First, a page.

Similarly, the Hubble Telescope was designed for international cooperative study.  With ESA contributions and their continuing operational support, the telescope as we know it today was launched in 1990.  Its archive contains more than 120 terabytes of data for which more than 11,000 scientific papers can thank their existence.  The universal accessibility of Hubble images, drawing together professional and amateur scientists of all ages from all over the world, does as much to help explain deep space as to demonstrate our global, borderless humanity, like Armstrong’s leap and the Apollo-Soyuz handshake did before them.  Its successor, the James Webb Space Telescope, is another collaboration with ESA as well as the Canadian Space Agency.  Development began in 1996, construction started in 2004, and it is scheduled to launch in 2018 from French Guiana.

The 2000s and early 2010s were dominated by large, ongoing collaborative projects.  The end of the Space Shuttle program in 2011 has left American astronauts dependent on Russian launches to reach space and condemned the Hubble Telescope with the end of maintenance flights. However, during its lifetime the program put 852 fliers from 16 countries into Earth’s orbit for a total of over 1,334 days, docked with Mir 9 times, and docked with ISS 37 times.

During this period, nations across the world collaborated, and agreed to continue collaborating, on peaceful space exploration. Agencies representing 21 countries attended NASA’s 2005 International Workshop on Exploratory Science.  The 2007 Global Exploration Strategy Framework outlined the long term exploratory goals and coordination strategy of 14 space agencies, from four of the six inhabited continents.  In November 2015, NASA’s Charles Bolden promised a manned mission to Mars by midcentury and the need for international cooperation to do it.  Space cooperation and diplomacy, he said, “go together like peanut butter and jelly.”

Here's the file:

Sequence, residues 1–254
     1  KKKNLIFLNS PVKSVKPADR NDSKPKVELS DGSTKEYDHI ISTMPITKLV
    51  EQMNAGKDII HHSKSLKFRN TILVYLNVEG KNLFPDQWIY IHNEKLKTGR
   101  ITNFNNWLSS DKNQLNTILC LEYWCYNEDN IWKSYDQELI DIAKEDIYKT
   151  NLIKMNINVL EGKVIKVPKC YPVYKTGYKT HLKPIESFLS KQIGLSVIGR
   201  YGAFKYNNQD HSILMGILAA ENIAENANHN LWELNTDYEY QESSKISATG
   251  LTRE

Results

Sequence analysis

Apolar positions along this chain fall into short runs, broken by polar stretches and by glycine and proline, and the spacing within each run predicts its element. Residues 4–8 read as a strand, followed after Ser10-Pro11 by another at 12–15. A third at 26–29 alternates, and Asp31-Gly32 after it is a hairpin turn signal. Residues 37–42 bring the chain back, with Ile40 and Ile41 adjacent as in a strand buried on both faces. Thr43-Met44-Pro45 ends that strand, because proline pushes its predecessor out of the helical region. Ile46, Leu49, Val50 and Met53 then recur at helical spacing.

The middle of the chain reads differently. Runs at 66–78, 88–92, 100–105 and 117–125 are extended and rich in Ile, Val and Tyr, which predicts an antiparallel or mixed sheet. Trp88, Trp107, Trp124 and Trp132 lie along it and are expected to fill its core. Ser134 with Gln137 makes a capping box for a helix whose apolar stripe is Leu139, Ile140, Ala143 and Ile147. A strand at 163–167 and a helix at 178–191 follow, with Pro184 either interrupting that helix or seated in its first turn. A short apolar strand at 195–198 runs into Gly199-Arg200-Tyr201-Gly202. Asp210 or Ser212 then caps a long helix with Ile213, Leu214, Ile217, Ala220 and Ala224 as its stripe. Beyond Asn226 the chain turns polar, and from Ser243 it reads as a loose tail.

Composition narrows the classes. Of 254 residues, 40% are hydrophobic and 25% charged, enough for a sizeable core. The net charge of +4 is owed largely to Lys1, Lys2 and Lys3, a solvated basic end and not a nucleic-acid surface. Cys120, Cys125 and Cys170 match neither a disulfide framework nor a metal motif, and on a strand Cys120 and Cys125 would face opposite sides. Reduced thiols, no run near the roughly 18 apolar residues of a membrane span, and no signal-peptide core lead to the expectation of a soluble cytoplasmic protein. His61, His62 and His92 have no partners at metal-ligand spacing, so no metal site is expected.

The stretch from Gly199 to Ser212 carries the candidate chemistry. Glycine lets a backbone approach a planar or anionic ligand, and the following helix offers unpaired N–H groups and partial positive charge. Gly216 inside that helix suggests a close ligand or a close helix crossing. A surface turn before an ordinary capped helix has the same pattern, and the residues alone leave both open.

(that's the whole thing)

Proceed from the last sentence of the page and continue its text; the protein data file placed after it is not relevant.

In 2018, the United States is due to host the 42nd bi-annual General Assembly of the International Council for Science’s Committee on Space Research, an organization founded on the commitment to promote international scientific space research.  The same year, the James Webb Space Telescope will be launched, bringing the largest infrared observatory into space, available to scientists around the world.  Similarly, there has been some discussion of an American-Russian replacement for ISS, potentially open to broader global cooperation.

Over the decades, successive American administrations formed continuous international partnerships in space projects.  Space diplomacy strengthened ties with allies and kept dialogue open with enemies.  While attempts have been made, and will continue to be made, to militarize space, the fact remains that there are two truly international clubhouses for humans in our universe: Antarctica and space.  Perhaps while we can keep both inhospitable, we can have peace there.